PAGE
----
Two Vermont Law School Students Win Helton Fellowship
March 27, 2013 — A competitive fellowship in international law and human rights has been awarded to two students at Vermont Law School this year.
The Arthur C. Helton Fellowship is overseen by the American Society of International Law (ASIL) and honors Arthur Helton—a renowned advocate for refugees and the internally displaced. Mr. Helton was killed in the August 2003 bombing of the UN mission in Baghdad along with the UN High Commissioner for Human Rights Sergio Viera de Mello and 20 other individuals.
The ASIL Helton Fellowship Program provides micro-grants to assist law students and young professionals to pursue field work and research on significant issues of international law, human rights and humanitarian affairs. According to the ASIL, “Helton Fellowship micro-grants are intended to ensure that these individuals have access to modest amounts of funding that can often stand between them and their first professional opportunities to become effective practitioners, experts, and scholars of international law.”
Joseph Kaifala ‘13 will use his fellowship in Sierra Leone to pursue further work with The Jeneba Project and its Memory Project. The Jeneba Project helps re-build the country through education. It constructs schools, provides school supplies, and secures scholarships for girls so that they are not left out of educational opportunities. An initiative of the Memory Project is to give voice to former child soldiers by helping them video record their stories, thereby creating a record of their first-hand experiences and ensuring that their perspectives are heard. These testimonies will then inform dialogue and discussion both in Sierra Leone and beyond. Joseph wrote his International Human Rights seminar paper on international legal issues relating to the recruitment and use of child soldiers, and last semester was a VLS Center for Applied Human Rights Fellow, working in partnership with the London-based NGO, Child Soldiers International, in examining international standards applicable to non-state armed groups, who are heavily involved in using child soldiers. Among Joseph’s recent initiatives was the National Symposium on Memory and Remembrance for school children from all over Sierra Leone, which he organized in January of this year, to help his country deal with the past while building the future.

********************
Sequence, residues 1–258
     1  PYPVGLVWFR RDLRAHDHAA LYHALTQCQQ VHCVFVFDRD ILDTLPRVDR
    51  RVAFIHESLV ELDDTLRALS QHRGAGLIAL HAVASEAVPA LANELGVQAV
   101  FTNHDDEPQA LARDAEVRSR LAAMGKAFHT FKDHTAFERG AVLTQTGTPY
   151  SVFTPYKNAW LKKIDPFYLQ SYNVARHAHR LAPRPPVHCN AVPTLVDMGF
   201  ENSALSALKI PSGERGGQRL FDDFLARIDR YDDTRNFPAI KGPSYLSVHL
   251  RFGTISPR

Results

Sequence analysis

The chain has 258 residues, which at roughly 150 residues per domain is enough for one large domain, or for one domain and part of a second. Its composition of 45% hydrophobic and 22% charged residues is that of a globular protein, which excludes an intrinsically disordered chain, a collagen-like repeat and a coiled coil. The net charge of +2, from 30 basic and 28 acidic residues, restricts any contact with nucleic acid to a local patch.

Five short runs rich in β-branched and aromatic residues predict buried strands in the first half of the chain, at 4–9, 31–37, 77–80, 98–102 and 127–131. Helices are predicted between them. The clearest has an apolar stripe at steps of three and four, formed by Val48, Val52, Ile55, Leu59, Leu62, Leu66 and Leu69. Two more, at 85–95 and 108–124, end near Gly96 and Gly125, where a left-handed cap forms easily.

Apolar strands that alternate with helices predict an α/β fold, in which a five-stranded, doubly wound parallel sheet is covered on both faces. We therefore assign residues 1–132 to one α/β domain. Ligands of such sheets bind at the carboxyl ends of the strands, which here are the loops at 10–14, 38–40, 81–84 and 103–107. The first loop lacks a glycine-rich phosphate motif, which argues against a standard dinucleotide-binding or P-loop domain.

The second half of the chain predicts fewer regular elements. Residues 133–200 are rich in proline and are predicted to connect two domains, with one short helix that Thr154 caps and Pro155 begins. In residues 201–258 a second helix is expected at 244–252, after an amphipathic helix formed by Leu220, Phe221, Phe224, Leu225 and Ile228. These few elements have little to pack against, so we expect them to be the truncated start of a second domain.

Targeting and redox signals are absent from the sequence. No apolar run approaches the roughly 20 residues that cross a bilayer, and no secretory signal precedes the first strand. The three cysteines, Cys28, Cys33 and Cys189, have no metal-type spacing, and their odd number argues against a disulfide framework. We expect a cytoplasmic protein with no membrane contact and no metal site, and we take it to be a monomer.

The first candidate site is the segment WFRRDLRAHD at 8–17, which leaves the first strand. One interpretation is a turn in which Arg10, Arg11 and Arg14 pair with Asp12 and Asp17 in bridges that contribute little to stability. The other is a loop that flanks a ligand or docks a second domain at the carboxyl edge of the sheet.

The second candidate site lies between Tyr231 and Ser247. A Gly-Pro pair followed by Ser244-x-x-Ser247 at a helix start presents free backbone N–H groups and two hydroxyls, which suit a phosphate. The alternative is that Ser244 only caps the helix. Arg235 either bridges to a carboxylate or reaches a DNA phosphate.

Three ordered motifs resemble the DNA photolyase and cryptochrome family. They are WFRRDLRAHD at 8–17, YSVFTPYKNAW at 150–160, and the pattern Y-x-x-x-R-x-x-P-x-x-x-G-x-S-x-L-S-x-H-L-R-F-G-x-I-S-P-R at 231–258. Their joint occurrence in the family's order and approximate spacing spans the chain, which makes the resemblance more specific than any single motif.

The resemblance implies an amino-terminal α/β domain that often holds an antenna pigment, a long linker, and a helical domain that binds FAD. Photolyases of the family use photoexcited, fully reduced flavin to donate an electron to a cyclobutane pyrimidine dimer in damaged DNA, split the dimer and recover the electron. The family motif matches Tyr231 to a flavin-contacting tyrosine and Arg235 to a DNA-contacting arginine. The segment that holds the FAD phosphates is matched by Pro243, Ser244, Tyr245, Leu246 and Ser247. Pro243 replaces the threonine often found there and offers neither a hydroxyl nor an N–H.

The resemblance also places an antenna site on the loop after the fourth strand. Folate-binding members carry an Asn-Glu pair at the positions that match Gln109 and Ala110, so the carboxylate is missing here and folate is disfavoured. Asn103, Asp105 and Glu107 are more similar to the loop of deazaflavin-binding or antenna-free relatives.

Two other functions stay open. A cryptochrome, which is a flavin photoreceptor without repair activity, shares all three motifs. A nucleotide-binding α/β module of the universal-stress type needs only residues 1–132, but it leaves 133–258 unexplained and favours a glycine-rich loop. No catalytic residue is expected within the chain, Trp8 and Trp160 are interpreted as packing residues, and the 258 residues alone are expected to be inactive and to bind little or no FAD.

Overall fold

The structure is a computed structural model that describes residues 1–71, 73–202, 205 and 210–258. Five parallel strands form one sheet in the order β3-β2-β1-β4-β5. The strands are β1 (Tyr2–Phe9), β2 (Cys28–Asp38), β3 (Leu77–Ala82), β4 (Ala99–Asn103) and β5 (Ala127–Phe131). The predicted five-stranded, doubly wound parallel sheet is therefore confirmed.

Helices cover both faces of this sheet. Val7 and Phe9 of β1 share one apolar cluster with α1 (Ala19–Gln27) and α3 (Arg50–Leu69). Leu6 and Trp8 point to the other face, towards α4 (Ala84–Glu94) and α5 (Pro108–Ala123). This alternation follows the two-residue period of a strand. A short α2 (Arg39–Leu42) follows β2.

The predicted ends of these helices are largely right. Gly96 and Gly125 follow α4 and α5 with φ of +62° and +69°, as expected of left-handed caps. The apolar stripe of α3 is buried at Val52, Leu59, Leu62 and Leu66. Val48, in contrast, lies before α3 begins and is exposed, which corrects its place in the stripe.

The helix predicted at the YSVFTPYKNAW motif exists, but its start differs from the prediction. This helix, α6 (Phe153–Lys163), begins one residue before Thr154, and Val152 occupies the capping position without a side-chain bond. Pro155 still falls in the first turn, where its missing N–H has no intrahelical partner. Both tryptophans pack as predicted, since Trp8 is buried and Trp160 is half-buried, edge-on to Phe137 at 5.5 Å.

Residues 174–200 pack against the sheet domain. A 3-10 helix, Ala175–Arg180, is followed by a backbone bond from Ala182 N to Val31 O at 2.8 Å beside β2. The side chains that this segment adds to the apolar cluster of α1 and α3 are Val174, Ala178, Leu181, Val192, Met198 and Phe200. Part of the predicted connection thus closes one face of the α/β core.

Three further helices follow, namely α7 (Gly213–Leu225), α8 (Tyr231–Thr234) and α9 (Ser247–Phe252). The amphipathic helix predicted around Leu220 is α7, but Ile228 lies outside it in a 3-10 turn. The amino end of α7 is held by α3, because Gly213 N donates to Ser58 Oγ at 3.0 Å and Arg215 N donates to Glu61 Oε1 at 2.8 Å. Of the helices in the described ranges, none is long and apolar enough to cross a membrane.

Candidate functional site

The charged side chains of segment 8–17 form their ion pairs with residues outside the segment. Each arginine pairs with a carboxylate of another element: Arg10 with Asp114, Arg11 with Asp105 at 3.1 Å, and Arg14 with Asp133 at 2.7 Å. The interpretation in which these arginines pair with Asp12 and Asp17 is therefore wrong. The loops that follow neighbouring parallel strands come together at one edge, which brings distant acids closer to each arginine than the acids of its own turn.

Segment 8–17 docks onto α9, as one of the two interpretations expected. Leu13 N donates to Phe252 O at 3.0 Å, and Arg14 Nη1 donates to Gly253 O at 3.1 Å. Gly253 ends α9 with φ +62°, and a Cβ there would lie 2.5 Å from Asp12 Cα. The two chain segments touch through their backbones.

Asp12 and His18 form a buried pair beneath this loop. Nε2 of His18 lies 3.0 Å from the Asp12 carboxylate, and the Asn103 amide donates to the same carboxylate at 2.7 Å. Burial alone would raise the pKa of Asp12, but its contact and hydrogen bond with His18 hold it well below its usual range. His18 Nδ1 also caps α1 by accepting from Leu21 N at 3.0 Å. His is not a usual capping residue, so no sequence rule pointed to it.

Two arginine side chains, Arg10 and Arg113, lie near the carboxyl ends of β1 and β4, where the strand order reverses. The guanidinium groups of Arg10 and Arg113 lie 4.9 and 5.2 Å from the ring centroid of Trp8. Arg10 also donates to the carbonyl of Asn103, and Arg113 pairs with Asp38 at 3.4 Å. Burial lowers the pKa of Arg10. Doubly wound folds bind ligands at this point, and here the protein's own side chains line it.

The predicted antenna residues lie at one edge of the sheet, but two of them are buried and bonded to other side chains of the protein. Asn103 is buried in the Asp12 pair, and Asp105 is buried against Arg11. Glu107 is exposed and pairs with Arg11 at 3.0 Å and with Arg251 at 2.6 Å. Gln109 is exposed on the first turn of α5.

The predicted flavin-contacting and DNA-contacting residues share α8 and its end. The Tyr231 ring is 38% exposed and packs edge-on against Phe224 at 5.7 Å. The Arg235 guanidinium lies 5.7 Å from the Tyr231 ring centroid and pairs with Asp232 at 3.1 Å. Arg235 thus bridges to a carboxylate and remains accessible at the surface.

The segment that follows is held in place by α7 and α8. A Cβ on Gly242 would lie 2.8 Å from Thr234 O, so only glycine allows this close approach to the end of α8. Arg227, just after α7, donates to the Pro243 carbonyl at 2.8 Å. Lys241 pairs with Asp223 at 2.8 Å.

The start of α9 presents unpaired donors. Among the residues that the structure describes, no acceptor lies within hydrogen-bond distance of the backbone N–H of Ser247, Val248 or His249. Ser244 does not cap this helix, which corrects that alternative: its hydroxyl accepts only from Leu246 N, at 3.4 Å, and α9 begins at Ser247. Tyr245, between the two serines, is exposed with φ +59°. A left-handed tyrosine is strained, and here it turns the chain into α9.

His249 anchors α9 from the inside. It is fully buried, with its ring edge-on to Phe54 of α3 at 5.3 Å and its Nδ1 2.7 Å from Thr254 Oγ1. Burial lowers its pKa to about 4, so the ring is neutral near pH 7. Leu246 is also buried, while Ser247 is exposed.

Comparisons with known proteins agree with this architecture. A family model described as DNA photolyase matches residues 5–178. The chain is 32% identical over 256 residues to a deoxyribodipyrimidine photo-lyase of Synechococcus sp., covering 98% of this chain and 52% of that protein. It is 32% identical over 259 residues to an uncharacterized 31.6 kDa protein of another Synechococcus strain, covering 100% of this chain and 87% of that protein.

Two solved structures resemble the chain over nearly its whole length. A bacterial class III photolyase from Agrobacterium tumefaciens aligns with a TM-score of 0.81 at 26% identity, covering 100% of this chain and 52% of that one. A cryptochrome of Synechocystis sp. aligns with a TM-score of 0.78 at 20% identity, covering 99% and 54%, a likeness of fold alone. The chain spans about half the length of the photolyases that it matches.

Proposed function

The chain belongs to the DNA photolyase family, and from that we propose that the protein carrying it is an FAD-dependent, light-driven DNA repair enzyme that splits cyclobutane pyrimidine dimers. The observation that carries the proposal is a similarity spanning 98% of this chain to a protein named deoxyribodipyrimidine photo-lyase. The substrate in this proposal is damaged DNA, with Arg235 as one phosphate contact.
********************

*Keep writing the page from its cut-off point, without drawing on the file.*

Carina Roselli ‘13 will be working with Nature Iraq in southern Iraq. Carina was first drawn to work on environmental issues in southern Iraq and on the plight of the displaced Marsh Arabs when flying missions over the region as a member of the National Guard. She wrote her International Human Rights seminar paper on the subject, having been inspired by Nature Iraq founder Dr. Azzam Alwash, an engineer whose work to restore the southern marshes of Iraq was chronicled in the powerful PBS Nature program, Braving Iraq. She has since been in touch with Ms. Mishkat al-Moumin, who was the first Minister of the Environment in the new Iraqi regime and was founder and the first CEO of the Women and the Environment Network, a UN-funded organization established to empower rural women in the Iraqi marshlands to participate in the environmental decision-making process.
“This is an impressive achievement for these Vermont Law School students” said Stephanie Farrior, Professor of Law and Director of the International and Comparative Law Program at Vermont Law School. “I am especially pleased that these particular students were awarded fellowships in the name of someone who devoted his life to refugees and the internally displaced—with Carina Roselli working on a project that will help the internally displaced in Iraq, where Helton met his untimely death, and Joseph Kaifala who was himself a refugee and is now a successful law student.”